To Kill with Intrigue

Reviewed by Jack Sobjack

In Jackie Chan’s autobiography “I Am Jackie Chan,” he shares with us what a miserable time he and the crew had while shooting To Kill With Intrigue. It was filmed in Korea and the weather was very cold. So cold that the film equipment froze! I would say that’s pretty cold. And one of the first things I noticed when I watched it was how you could see the actors breath throughout most of it. But I really think it paid off though. The location and weather seemed to really help create the mood of this film even with an already bleak story.

This is by no means your usual Chan film and unfortunately it may have a very limited audience. People who discovered Chan ala “Rush Hour” or “Shanghai Noon” will almost certainly not like TKWI. Fans of Chan classics such as “Drunken Master 2” or “Police Story” don’t/won’t like it. Even fans of his “old school” films such as the original “Drunken Master” and “Snake in the Eagle’s Shadow” probably won’t really like it. But you never know….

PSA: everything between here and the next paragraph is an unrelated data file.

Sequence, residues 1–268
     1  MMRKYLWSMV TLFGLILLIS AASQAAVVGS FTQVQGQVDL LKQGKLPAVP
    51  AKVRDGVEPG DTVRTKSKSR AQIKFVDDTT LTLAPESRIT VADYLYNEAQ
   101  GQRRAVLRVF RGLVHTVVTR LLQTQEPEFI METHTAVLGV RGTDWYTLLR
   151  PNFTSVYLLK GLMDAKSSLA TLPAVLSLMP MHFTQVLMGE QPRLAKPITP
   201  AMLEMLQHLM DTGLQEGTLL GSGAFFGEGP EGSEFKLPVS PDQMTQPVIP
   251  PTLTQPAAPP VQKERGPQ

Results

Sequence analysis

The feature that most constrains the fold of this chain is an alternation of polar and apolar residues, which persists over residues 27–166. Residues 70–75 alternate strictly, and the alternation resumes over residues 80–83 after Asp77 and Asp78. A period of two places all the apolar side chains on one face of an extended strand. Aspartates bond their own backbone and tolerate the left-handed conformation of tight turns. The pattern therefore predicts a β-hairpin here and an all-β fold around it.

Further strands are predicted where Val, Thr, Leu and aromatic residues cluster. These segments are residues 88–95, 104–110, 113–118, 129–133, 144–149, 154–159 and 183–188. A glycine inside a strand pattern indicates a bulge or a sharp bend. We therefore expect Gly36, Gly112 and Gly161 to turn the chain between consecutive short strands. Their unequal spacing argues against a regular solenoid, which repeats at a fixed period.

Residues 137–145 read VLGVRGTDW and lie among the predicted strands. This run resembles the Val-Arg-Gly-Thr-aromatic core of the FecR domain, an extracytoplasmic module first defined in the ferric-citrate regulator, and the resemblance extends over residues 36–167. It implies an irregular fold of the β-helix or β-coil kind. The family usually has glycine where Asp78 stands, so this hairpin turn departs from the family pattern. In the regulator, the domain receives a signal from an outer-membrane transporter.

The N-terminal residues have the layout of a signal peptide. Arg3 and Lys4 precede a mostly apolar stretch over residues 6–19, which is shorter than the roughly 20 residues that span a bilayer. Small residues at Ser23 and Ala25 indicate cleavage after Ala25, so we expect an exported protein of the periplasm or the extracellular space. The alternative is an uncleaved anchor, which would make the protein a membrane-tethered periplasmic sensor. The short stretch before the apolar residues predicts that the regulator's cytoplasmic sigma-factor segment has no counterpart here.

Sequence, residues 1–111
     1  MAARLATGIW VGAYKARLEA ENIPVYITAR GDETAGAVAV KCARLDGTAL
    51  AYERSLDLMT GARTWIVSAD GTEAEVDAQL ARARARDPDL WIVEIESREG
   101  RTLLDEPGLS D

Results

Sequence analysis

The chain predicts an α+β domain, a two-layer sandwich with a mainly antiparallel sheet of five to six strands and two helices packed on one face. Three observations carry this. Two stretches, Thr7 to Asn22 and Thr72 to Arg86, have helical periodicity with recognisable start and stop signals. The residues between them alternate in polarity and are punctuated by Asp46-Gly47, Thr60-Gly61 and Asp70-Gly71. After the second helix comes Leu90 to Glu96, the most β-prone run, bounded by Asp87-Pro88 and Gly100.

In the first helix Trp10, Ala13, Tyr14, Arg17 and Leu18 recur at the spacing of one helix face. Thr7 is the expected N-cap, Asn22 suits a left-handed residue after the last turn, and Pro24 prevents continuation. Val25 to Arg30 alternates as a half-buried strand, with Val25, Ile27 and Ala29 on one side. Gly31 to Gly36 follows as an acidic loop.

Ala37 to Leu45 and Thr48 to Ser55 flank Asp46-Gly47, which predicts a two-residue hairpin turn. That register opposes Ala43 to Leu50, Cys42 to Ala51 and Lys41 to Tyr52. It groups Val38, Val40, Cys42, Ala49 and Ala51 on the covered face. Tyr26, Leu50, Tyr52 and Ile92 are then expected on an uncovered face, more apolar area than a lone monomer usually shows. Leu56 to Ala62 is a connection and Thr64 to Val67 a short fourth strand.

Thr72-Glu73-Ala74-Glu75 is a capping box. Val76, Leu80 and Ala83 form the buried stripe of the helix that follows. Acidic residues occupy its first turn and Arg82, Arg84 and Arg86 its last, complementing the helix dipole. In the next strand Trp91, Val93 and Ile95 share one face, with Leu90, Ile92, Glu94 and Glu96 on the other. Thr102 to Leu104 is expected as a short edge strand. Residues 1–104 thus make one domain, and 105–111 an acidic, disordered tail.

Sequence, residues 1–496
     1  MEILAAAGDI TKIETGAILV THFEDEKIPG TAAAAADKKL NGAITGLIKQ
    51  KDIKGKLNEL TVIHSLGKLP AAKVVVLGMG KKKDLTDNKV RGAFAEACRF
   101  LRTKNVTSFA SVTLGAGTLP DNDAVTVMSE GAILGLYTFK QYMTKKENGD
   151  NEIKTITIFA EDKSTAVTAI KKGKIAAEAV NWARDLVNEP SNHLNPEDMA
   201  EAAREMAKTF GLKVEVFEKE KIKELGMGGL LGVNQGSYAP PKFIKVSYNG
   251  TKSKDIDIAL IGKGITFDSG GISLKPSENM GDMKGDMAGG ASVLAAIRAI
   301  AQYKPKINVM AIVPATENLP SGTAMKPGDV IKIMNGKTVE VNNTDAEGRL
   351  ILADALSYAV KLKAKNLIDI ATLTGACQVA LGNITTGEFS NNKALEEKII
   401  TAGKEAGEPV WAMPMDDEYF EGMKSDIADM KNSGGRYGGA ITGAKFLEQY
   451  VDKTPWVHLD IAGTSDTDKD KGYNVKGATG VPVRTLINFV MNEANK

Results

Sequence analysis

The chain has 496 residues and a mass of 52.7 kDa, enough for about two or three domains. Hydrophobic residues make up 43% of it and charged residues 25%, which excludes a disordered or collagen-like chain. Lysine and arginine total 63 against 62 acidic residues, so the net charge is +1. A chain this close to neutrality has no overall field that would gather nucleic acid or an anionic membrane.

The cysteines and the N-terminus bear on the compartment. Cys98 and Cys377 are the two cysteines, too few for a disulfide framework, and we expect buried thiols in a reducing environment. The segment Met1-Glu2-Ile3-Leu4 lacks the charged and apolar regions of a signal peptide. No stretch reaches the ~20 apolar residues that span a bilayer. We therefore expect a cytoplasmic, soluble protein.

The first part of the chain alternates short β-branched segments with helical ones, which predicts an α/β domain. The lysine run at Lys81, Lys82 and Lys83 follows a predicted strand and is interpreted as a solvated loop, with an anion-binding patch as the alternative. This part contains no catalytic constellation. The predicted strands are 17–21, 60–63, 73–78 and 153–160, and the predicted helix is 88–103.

Jackie is Lord Siao Lei whose entire family is slaughtered by the Killer Bee Gang. The leader of this gang, Ding (Hsu Feng), spares Siao because…she loves him! I can’t think of a better way to show someone you care. Well, Ding starts to realize Siao may not be in love with her as he wanders aimlessly through the countryside shouting “Chin Chin” (Siao’s girlfriend). Meanwhile, a “good friend” of Siao is looking after Chin Chin. And this “good friend” not only convinces her that Siao is dead but that she should marry him. Knowing this, Ding trains Siao so he may have his revenge. But before letting him leave he must first defeat her. The kicker is what happens each time that he loses. You’ll just have to see that for yourself.
I was surprised to see Jackie play such a despondent character. He’s certainly had dramatic roles before (“Heart of Dragon,” “Crime Story” and “Dragon Fist”) but I have never seen him more reserved and melancholy than in this film. This review could in no way be complete without a word (or two) about Hsu Feng: Incredible, beautiful, mesmerizing, haunting, soft, lovely and strong. Oops, that was seven words.
Just check this one out. Director Lo Wei was very generous in giving the viewer plenty of close-ups of Hsu Feng. And the location was very beautiful. Some of the fight scenes were average at best but the ones between Jackie and Hsu were very entertaining. And if anyone knows the name of the actress who played Jackie’s girlfriend please let me know. Never let it be said Lo Wei doesn’t have great taste in women.

My rating for this film: 7.0